An entity that wants Promise money must complete a needs assessment of the neighborhood and show how it will train stupid parents “to acquire the skills to promote early learning and child development” and how it will provid[e] social, health, nutrition, and mental health services and supports for children, family members, and community members” (p. 616). If you are unfortunate enough to live in a Promise Neighborhood, the “promise” may be more of a threat.

And once again, ESSA mandates collection of data, data, and more data. Applicants for the government money must show how they “will collect data on children served by each pipeline service” (p. 608). Now that the Obama administration has gutted federal student-privacy law, government bureaucrats can analyze and disseminate increasing reams of highly personal student information.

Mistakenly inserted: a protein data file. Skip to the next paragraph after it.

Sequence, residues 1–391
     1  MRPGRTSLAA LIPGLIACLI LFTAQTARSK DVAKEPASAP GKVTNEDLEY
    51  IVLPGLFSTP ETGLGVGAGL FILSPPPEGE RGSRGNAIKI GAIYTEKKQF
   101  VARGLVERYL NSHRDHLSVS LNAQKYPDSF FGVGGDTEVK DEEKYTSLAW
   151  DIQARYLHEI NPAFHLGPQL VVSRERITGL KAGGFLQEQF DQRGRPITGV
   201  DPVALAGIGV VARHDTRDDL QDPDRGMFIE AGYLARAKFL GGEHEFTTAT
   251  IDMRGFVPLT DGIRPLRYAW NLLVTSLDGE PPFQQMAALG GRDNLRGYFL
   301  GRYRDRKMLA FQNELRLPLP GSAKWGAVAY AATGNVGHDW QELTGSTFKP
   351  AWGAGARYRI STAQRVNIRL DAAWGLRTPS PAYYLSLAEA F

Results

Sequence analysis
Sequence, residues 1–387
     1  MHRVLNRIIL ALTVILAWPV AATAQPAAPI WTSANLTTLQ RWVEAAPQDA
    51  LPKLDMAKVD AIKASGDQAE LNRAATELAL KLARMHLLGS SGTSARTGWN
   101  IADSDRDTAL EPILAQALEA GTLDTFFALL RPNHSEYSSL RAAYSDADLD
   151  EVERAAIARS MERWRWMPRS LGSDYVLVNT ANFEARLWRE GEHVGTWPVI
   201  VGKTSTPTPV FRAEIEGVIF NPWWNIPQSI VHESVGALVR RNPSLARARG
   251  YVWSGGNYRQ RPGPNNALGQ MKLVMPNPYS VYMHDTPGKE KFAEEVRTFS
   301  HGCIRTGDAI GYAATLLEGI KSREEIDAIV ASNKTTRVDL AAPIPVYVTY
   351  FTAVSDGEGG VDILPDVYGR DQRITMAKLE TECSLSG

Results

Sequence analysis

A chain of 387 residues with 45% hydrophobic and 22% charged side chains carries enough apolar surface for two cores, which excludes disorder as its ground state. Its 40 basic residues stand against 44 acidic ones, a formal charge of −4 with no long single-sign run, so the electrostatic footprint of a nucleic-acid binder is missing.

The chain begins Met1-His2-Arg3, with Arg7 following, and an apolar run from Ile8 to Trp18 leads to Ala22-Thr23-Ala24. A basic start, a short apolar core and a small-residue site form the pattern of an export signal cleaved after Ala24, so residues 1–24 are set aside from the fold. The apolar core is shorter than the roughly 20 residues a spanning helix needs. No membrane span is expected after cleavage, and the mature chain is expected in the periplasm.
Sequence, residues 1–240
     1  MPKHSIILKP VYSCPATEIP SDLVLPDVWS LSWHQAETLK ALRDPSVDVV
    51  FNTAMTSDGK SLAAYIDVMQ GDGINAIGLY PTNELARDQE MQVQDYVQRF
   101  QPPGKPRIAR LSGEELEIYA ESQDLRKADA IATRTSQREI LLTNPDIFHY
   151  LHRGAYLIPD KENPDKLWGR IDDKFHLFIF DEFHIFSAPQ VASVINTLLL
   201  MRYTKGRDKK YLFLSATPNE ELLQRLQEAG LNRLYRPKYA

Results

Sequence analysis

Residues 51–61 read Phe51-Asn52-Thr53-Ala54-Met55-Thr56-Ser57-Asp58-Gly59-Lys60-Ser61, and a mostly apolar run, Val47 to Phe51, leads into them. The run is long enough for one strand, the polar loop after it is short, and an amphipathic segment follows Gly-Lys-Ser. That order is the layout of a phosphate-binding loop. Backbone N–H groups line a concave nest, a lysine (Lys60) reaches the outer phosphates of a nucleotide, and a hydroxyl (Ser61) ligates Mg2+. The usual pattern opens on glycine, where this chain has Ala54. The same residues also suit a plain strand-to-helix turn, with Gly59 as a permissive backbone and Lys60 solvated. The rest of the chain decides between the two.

This breathtaking expansion of government authority over the heretofore private lives of children and their families demonstrates an almost childlike faith in the long-disproven power of government programs to improve things. Although bureaucrats would be hard-pressed to name any government education program that has actually solved problems, if not actually made matters worse, hope springs eternal.

But it’s worse than that. How could this monumental piece of statist garbage have been passed by a Republican Congress? Even a moderately conservative politician who skimmed this bill should have tossed it in the trash on his way to vote ‘No.’ But most did not – they bought into the propaganda without engaging their brains or applying their principles. What a thoughtful going-away present for Arne Duncan. Yes, our children and our Constitution had to be sacrificed for it, but the important thing was to take the vote and get out of town for the holidays. From the GOP Congress to you and your children: Happy New Year.

Jane Robbins is an attorney and a senior fellow with the American Principles Project.

Jane Robbins

Jane Robbins is an attorney and senior fellow with the American Principles Project.